Marta Molina first noticed something was wrong with her water when she went to drink from the glass by her bedside.
It smelled sulfuric, like rotten eggs.
“It just wasn’t pleasant,” said Molina, a Duke Park resident and one of 21 people who have complained about their water since July.
Tests show the culprit was low chlorine. Chlorine helps maintain disinfection throughout the water system and reduces bacteria, said Vicki Westbrook, assistant director of the city’s Department of Water Management.
Bunmi Fatoye-Matory, who lives in Trinity Park, had concerns about her water after it smelled earthy. The city tested it July 7. Someone from the city called her and said the chlorine level was low but that the bacteria levels were safe. However, she requested the written results from the July 17 report.
She was concerned when she read her water “does not meet drinking water requirements,” in the report.
Westbrook said the wording isn’t as “as explanatory as it should be.” While the chlorine level wasn’t where it needed to be, the tests indicated the water was safe.
“The water is not where we want it to be, but it is your choice whether you want to drink it,” Westbrook said.
Since July 1, the city has received 21 complaints, Westbrook said. About a handful of those have been linked to low chlorine, Westbrook said. An earthy smell in water is also caused by an increase of algae in the primary water supplies – Lake Michie and Little River. The increase in algae is a seasonal issue often experienced during warm weather, Westbrook said.
It’s unclear whether the instances of low chlorine are related, Westbrook said. And the city hasn’t determined what is causing the problem.
Some of the other homes with low chlorine were near Trinity Park and Duke Park neighborhoods, Westbrook said. Others were in different areas in the city.
Low chlorine levels can be created by problems at individual homes or work that is done on underground water pipes when a valve is not returned to the correct position. That may cause water to circulate in a loop rather than having fresh water introduced regularly, Westbrook said. In general, the city tests water that leaves its two water treatment plants daily, along with pre-selected spots throughout the city weekly. Results have indicated that chlorine levels are normal, Westbrook said.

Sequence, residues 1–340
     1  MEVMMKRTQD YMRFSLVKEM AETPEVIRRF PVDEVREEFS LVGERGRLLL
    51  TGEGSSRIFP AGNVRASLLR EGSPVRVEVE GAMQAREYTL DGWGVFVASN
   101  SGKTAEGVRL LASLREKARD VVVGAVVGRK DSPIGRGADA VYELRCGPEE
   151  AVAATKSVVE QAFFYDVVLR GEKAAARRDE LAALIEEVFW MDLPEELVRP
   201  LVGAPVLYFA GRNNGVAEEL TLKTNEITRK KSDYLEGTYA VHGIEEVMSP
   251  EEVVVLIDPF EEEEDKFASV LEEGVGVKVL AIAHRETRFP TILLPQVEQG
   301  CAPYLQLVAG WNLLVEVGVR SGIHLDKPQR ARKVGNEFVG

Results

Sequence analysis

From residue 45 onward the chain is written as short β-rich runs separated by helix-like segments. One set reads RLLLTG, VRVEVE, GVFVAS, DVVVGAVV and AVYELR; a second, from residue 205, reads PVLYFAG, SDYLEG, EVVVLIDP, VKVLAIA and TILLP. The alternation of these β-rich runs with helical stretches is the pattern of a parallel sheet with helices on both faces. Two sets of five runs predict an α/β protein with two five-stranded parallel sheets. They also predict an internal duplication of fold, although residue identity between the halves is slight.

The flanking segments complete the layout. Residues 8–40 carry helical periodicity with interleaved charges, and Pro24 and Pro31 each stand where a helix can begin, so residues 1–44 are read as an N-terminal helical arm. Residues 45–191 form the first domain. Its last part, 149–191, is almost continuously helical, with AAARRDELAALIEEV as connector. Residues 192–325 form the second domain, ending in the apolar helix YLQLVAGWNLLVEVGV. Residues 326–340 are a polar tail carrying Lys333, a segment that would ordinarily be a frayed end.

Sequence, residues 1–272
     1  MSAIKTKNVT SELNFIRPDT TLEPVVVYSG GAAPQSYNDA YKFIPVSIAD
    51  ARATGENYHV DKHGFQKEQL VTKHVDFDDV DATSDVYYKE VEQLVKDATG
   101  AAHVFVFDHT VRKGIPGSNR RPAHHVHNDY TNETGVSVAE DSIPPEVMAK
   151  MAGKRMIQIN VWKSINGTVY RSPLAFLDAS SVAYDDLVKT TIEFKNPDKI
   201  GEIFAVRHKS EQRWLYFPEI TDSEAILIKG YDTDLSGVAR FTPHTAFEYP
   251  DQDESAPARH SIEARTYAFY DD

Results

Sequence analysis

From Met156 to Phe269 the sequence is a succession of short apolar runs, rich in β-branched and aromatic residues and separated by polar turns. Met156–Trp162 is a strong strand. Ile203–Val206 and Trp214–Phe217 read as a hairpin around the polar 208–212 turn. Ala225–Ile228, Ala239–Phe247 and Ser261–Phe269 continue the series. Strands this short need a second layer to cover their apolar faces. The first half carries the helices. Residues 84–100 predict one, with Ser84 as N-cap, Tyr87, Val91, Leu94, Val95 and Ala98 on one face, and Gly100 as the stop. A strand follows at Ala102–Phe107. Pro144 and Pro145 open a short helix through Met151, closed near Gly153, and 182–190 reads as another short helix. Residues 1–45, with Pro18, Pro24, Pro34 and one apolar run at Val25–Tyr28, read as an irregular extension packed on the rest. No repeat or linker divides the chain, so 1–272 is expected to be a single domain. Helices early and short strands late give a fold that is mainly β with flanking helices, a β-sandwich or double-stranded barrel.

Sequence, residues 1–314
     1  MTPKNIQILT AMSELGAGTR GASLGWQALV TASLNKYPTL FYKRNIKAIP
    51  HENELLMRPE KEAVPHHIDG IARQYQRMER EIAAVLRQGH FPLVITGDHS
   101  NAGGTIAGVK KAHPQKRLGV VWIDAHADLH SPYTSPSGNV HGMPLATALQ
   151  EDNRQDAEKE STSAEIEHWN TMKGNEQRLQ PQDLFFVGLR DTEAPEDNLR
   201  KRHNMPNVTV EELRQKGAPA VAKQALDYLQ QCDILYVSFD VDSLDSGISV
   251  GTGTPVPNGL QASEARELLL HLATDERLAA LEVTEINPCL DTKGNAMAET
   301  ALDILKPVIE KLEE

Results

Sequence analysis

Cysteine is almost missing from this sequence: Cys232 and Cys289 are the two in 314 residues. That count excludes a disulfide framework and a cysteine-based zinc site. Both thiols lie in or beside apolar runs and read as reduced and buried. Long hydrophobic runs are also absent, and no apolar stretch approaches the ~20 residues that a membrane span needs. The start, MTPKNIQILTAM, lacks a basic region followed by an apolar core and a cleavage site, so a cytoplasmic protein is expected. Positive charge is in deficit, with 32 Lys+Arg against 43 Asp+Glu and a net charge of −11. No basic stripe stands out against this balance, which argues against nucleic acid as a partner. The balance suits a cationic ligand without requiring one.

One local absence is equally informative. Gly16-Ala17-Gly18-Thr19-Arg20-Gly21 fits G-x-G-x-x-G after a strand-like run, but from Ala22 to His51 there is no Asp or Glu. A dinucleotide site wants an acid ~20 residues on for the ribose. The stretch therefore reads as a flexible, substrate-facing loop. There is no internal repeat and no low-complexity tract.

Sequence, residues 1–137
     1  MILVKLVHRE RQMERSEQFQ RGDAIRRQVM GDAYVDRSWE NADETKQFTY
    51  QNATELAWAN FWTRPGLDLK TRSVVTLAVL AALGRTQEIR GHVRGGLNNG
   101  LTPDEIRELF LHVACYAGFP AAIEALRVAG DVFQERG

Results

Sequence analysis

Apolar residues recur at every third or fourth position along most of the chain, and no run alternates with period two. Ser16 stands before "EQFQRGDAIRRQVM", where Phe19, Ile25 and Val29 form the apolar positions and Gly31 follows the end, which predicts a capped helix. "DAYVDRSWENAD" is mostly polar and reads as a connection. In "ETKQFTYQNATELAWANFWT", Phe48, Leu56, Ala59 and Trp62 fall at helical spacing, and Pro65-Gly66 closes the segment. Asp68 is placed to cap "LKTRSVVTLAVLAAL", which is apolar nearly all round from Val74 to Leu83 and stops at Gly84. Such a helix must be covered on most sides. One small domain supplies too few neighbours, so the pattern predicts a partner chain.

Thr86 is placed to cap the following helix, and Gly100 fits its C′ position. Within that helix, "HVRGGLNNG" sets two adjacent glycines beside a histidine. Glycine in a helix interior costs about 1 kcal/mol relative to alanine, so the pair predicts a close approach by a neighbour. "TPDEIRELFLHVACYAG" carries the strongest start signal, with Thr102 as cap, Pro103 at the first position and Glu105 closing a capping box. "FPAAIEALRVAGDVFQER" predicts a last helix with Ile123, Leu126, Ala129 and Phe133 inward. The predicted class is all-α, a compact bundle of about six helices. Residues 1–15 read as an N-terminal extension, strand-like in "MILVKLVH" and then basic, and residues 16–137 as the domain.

The city has flushed the water supply from pipes near those homes by opening fire hydrants and letting water flow, Westbrook said. It has also been investigating whether someone didn’t turn on or off a valve properly after work.
“They haven’t found anything to date,” Westbrook said.
Fatoye-Matory said she posted the results of her test on the Trinity Park listserv, and about six people have contacted her with concerns about their water.
Molina reported her water concerns to Durham One Call about a month ago, she said. She was initially advised to run her water for a long period of time.
She gave the water two weeks to improve – drinking bottled water in the interim – and then called One Call back.
On Aug. 12, a city employee visited Molina’s home and took samples of her water. He shook one around in a kit and told her on the spot that her “chlorine was low,” Molina said. On Wednesday, she received verbal communication that her water was safe – results from testing that analyzes more than just chlorine levels.
After the city flushed the pipes, she said, the smell improved.
On Wednesday the city tested Fatoye-Matory’s chlorine levels and said they were normal.
“They said it was OK,” she said Wednesday, but added, “It would be reassurance to see it in writing, to say the least.”
When to report
If you have concerns about your water, take a sample and let it settle for a moment. Sometimes air bubbles in the line will make water initially appear cloudy.
The water should be clear, odorless and taste clean and fresh.
To report concerns call Durham One Call, 919-560-1200.